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Stage IV: Criteria for Progression

Successful completion of Stage IV and ultimate clearance for integration back into sporting activities is dependent on the athlete's ability to achieve the following criteria related to sport-specific movements (Figure 1) (64):

  1. Drop vertical jump landing force bilateral symmetry (within 15%).
  2. Modified Agility T-test (MAT) test time (within 10%).
  3. Single-limb average peak power test for 10 seconds (bilateral symmetry within 15%).
  4. Re-assessment of tuck jump (20 percentage points of improvement from initial test score or perfect 80-point score).
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Return to Sport

Once athletes meet the Stage IV criteria, they should be prepared to begin reintegration into their respective sport. However, we do not suggest that this is the time for unrestricted full participation in competitive events. Rather, it is suggested that athletes resume practice activities and begin to prepare themselves for competitive play. Return to sport after ACL-R can be a high-risk period for athletes because of both the risk of graft failure and the increased risk of injury to the contralateral limb, which may be higher than the involved side (30,81). Re-injury to either the contralateral or ipsilateral knee may reach as high as 20% in young athletes who return to competitive activities (80). However, athletes who attain sports performance symmetry in both limbs before sports reintegration after ACL reconstruction may significantly reduce their potential for future ACL injury (31,82). Successful execution of the suggested criteria of return to sport training may more objectively determine an athlete's readiness to return safely to sports participation. Systematic progression through these objective testing protocols may provide the athlete with both increased neuromuscular control and increased confidence, both of which will facilitate successful and safe return to sports after ACL injury (10,45).

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Conclusion

Late-stage rehabilitation and return to sport training after ACL reconstruction without criteria-based guidelines may allow for deficits in lower extremity neuromuscular control, strength, and ground reaction force attenuation and production to persist beyond rehabilitation stages (2,14,16,32,39,68,75). These deficits may continue into competitive play and increase the risk of reinjury or limit the achievement of optimal performance levels. The developed protocol has the potential to target post-surgical deficits and address them through systematic progression during the stages of the return to sport training. Ultimately, this approach may translate into successful return to sports; however, long-term outcome studies are necessary to validate the described criteria-based progression and to confirm the relationship between achieving targeted goals to successful outcomes after the athlete returns to sport.

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Acknowledgments

The authors acknowledge funding support from National Institutes of Health Grant R01-AR049735-01/A1. The authors thank Jensen Brent, Carmen Quatman, Jane Kirwan, Catherine Quatman and Kim Foss for the input into the manuscript revisions. The authors also thank the athletic trainers, strength coaches, physical therapists, and physicians from Cincinnati Children's Hospital Sports Medicine Biodynamics Center for their critical input to the development of the proposed protocols.

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Glossary of Terms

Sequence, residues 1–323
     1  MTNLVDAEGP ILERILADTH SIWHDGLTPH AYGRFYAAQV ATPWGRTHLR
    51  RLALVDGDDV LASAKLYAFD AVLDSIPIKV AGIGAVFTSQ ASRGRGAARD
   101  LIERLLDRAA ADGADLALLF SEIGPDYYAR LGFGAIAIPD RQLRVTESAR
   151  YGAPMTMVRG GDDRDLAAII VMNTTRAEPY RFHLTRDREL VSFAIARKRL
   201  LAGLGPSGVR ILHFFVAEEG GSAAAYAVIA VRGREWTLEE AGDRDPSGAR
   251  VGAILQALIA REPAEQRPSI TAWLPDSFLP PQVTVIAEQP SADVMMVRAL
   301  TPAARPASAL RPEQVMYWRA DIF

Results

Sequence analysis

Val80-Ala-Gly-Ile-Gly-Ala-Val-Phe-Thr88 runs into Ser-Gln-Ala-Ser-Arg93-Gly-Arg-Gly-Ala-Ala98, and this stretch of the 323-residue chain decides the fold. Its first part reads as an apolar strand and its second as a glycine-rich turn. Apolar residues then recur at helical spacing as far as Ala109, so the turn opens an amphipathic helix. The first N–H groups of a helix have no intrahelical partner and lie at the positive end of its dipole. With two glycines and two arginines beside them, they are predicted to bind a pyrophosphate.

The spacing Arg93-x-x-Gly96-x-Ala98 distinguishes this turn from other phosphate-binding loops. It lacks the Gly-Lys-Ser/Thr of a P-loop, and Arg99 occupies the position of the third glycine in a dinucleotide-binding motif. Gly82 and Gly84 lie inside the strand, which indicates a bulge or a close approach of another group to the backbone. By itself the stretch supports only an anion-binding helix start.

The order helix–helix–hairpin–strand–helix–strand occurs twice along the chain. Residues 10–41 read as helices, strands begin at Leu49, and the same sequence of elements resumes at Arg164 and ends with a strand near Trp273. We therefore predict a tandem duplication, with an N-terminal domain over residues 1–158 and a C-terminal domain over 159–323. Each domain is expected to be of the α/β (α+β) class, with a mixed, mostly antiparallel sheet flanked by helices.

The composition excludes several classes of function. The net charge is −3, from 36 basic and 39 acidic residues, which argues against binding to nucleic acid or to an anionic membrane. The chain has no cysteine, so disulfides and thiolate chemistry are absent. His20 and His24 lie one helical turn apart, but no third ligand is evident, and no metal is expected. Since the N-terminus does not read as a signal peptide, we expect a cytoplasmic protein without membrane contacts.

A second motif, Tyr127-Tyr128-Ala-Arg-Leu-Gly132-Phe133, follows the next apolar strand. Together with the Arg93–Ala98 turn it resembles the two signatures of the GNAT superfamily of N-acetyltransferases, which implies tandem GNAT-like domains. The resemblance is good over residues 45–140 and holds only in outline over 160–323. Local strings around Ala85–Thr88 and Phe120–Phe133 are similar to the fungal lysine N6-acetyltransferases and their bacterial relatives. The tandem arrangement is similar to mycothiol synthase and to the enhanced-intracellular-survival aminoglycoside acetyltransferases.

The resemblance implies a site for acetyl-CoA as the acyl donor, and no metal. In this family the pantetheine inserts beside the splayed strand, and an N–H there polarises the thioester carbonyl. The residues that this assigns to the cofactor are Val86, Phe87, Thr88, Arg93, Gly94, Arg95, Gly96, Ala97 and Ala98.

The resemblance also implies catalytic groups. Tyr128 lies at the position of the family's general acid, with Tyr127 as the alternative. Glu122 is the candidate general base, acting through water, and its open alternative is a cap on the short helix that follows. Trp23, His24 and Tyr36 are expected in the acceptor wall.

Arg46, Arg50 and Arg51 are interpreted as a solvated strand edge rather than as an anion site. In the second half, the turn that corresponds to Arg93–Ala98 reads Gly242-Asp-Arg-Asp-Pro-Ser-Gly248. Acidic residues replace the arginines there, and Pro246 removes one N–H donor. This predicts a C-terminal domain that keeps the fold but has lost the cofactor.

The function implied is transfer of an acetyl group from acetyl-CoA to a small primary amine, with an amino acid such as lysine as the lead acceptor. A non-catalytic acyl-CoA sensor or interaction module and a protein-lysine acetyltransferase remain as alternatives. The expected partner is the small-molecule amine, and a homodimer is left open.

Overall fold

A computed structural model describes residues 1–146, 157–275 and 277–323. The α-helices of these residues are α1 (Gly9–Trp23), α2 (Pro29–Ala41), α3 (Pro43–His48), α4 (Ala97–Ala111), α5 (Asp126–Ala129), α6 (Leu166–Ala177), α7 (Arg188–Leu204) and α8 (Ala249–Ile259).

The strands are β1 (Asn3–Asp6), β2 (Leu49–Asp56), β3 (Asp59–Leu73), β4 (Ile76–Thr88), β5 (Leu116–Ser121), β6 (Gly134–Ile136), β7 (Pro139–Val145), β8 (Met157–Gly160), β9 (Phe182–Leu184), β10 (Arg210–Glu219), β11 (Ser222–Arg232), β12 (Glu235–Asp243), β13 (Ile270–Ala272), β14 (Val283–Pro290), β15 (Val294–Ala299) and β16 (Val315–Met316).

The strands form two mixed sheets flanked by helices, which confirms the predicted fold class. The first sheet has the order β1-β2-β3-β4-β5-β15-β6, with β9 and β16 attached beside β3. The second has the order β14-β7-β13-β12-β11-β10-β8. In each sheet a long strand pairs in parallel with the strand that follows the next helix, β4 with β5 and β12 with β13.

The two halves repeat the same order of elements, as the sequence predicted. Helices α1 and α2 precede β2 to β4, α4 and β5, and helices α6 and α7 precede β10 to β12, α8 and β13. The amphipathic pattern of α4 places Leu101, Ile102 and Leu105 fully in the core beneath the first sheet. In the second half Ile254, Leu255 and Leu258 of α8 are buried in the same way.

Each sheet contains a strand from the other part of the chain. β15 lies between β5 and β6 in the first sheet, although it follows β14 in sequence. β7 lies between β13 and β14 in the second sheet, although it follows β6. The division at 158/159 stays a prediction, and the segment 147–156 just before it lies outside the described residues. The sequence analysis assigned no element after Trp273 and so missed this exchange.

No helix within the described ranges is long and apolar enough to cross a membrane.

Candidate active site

12-In Box Airex Lateral Step Down (Heel Touch)- (Figure 4) Athlete balances on one leg on a 12-in box with an Airex pad placed on top of the box. With the contralateral foot dorsiflexed, the involved knee is flexed until the contralateral heel makes contact with the surface of the floor, trying to keep the hips level, then the athlete ascends back up to starting position.

12-Inch Box Lateral Step Down (Heel Touch)- (Figure 4) Athlete balances on one leg on a 12-in box. With the contralateral foot dorsiflexed, the involved knee is flexed until the contralateral heel makes contact with the surface of the floor, then the athlete ascends back up to starting position.

180° Jump-Broad Jump- The jump is initiated by a direct vertical motion combined with a 180° rotation; once landed, a broad jump is immediately initiated to achieve maximal horizontal distance.

180° Jumps (Height)- The jump is initiated by a direct vertical motion combined with a 180° rotation; once landed, the jump is initiated immediately to the opposite direction.

Airex- 2-in foam balance pad. (Perform Better Inc, Cranston, R.I.)

Assisted Russian Hamstring Curls- (Figure 18) The athlete begins in a kneeling position with a partner providing foot support and torso support (with band assistance). The athlete extends at the knee while maintaining a neutral spine. The strength and conditioning specialist should provide enough assistance so that the exercise can be performed without flexing at the hip.

Athletic Position- (Figure 10) The athletic position is a functionally stable position with the knees comfortably flexed, shoulders back, eyes up, feet approximately shoulder-width apart, the body mass balanced over the balls of the feet. The chest should be aligned over the knees, which are over the balls of the feet. This is the athlete ready position and should be the starting and finishing position for most of the training exercises. During some of the exercises, the finishing position is over-exaggerated with deeper knee flexion to emphasize the correction of certain biomechanical deficiencies.

Band- Resistive tubing, heavy Theraband or Jump Stretch band (Jump Stretch Inc, Youngstown, Oh.).

Band Good Mornings- (Figure 17) Athlete positions the resistive band below the seventh cervical vertebrae and stands with both knees slightly flexed and feet on band. The movement is initiated with the trunk flexed to approximately 90°. A neutral spine should be maintained as the athlete extends the trunk from 90° to 0° (an erect posture).